Product Management Acceptance

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As a part of the release process, the experience is validated one last time to ensure that it gets approval from Product Management. This validation helps ensure that the value-driven objectives have been successfully achieved and are ready for deployment to production.

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Related Mindset:

Continuous Delivery

Value-Driven

Segment:

Deploy

Inputs:

A deployed experience within the staging environment

Outputs:

A validated experience which has passed the Product Management portion of the release process validation

Product Management Acceptance is a key step in the release management process.

Product Management is one of the key pieces of the Release Management team. A part of their overall responsibility is to ensure that they have validated the experience against the objectives that were agreed to during the PI Planning Session. If the process has been followed correctly, Product Management has seen this work through both the Sprint and Systems Demos. This final level of validation should be focused around validating the overall experience fully integrated within the staging environment.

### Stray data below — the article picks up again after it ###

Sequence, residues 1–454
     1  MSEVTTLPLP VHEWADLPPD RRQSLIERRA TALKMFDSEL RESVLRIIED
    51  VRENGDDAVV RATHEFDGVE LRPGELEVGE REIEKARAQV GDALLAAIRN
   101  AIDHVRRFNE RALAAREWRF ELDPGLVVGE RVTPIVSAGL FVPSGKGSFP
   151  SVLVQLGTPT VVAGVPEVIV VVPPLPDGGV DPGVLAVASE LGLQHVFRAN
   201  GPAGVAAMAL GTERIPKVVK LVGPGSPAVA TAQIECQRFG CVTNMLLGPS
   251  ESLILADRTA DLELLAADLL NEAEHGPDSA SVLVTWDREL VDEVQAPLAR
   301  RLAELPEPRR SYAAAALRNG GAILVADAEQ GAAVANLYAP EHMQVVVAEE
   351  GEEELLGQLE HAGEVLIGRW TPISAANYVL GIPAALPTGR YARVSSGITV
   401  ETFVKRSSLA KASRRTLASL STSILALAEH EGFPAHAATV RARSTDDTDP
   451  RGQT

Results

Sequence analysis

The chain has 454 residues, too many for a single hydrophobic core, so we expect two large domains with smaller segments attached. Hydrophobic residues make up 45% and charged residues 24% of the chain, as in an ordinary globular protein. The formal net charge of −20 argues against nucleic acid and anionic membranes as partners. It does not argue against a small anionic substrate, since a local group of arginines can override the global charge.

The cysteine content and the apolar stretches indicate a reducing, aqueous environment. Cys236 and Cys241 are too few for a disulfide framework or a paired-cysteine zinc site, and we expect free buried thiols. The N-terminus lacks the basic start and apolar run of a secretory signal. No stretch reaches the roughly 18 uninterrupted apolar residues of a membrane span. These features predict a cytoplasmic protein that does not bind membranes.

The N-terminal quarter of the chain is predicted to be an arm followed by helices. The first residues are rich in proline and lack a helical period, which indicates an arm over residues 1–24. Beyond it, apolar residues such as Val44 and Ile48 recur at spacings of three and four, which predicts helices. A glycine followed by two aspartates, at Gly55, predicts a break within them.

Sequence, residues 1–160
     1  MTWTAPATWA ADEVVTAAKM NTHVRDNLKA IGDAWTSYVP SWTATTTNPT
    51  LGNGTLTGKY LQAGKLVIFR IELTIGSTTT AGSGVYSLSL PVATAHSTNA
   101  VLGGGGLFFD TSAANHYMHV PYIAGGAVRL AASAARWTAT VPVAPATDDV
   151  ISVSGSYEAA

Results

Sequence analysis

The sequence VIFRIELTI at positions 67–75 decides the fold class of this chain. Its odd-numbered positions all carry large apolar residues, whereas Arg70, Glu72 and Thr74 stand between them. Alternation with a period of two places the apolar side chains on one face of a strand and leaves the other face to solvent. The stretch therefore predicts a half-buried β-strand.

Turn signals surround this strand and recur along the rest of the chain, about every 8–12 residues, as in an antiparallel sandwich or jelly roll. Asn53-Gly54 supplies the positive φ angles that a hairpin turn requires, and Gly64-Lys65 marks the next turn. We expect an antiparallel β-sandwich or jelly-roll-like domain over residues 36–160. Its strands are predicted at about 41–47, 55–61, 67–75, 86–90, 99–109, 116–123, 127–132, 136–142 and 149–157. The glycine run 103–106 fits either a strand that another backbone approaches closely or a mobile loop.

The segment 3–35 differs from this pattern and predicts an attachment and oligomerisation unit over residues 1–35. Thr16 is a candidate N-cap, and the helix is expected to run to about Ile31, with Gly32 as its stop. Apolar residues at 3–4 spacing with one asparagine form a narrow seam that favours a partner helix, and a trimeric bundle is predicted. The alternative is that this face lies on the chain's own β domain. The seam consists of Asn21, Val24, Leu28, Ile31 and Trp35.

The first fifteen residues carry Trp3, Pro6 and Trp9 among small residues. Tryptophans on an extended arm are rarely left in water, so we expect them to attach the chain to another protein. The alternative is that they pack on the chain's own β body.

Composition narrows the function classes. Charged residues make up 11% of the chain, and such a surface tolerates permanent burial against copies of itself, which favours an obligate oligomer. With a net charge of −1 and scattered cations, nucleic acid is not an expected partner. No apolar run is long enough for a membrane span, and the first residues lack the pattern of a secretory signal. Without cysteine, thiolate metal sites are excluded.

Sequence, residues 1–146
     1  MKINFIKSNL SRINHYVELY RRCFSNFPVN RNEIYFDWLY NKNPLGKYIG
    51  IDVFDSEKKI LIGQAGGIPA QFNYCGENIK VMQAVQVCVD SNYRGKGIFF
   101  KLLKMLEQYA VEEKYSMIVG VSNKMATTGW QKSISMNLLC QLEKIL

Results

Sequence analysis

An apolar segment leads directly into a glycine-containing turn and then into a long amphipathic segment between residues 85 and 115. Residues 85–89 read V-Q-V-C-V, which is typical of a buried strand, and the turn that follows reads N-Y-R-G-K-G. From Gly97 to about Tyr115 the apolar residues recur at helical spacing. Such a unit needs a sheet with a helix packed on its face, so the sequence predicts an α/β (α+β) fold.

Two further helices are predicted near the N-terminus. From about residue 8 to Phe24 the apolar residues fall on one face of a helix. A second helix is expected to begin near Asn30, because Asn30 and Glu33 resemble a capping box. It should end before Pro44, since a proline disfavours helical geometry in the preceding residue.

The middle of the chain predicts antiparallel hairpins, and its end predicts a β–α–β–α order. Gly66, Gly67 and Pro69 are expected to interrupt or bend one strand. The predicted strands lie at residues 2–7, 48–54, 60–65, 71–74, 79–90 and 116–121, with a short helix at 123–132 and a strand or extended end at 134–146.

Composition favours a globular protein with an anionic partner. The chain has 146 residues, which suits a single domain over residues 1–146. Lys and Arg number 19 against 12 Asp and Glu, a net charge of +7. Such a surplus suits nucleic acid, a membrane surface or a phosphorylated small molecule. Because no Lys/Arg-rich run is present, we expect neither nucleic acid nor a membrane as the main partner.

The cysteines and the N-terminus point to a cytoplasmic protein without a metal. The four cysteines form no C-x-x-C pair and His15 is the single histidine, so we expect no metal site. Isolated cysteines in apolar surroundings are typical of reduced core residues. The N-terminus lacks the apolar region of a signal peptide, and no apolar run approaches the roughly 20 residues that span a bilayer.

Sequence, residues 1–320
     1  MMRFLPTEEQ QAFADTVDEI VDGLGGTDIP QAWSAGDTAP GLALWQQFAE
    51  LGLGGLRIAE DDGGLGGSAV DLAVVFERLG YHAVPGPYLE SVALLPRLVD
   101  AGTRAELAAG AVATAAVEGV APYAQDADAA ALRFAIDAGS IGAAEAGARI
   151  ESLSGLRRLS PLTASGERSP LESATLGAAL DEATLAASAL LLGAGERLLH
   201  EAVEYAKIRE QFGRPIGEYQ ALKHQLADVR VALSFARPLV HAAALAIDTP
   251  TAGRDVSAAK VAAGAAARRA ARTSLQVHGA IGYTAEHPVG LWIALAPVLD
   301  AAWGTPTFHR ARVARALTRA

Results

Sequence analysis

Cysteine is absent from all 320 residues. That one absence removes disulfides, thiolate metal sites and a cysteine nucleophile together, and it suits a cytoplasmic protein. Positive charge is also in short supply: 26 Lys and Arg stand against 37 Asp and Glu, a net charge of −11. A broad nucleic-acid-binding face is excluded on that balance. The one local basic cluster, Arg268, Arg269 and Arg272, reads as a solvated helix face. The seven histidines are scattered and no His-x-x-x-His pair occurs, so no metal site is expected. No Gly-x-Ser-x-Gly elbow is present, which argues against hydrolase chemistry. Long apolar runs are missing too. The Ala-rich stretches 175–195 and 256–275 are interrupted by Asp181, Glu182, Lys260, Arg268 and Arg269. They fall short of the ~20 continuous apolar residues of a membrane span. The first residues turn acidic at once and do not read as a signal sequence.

Common Pitfalls

If significant changes arise through this validation, there are multiple systemic problems for the organization. These problems may be due to one or more of the following:

  • Delaying all validation until the release process: While this final validation is a needed step in the release process, it should not be the only point at which it is validated. Through the PI Planning event and the role of product owners within the Scrum teams, validation should occur throughout the process, from the Program segment through Deploy. Significant changes within the Deploy segment are costly, both in terms of money and time.
  • Product Owners out of sync with product management: One systemic problem can be tied to a disconnect between Product Management at the Program and Portfolio levels, from Product Owners on the scrum teams. While these individuals operate within different segments, there must be an ongoing conversation between these individuals to ensure this separation does not occur.
  • Incomplete participation in Sprint and System Demos: Another systemic problem can be tied to participation at key events. This includes Sprint Demos, Systems Demos, and also the PI Planning Event. Product Management will play a key role in all of these. Without the participation, fixes will be much more costly for the organization.